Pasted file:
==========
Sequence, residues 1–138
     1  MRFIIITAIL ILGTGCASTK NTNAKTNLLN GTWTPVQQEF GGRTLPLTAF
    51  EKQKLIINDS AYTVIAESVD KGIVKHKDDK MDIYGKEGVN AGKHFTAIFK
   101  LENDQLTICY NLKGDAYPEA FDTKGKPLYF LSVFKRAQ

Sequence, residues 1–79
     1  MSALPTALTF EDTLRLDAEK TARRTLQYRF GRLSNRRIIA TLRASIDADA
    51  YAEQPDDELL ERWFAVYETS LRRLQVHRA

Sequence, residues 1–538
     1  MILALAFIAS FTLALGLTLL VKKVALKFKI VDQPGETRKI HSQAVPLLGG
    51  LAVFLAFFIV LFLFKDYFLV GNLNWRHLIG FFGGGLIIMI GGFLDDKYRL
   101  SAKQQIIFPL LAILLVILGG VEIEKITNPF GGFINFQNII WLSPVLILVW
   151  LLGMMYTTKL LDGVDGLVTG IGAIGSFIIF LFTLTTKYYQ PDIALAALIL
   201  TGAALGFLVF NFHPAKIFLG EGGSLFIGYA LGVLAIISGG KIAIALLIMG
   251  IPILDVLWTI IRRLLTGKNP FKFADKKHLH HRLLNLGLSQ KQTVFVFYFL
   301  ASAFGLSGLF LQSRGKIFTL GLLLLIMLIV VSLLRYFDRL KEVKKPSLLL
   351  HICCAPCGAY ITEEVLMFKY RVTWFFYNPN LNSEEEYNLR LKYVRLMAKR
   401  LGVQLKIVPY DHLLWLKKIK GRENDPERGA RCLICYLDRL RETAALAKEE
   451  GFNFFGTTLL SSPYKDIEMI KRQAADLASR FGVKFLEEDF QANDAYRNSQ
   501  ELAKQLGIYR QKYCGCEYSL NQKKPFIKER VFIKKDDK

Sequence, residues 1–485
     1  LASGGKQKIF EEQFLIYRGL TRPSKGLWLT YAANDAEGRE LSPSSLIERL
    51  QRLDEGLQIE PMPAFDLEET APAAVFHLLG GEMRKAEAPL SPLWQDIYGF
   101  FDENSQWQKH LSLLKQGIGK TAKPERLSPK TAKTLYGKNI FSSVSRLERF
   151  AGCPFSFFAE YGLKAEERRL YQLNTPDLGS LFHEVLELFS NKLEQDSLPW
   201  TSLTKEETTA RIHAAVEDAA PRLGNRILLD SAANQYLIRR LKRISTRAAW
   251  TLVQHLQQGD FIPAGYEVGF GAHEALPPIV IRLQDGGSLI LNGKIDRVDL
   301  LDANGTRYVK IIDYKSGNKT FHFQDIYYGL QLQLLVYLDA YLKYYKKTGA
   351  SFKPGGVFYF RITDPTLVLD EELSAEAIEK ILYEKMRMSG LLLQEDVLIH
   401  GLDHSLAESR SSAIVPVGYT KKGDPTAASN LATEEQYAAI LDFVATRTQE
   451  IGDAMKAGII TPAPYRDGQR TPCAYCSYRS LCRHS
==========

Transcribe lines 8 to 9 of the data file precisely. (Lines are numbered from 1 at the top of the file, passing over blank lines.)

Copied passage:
Sequence, residues 1–538
     1  MILALAFIAS FTLALGLTLL VKKVALKFKI VDQPGETRKI HSQAVPLLGG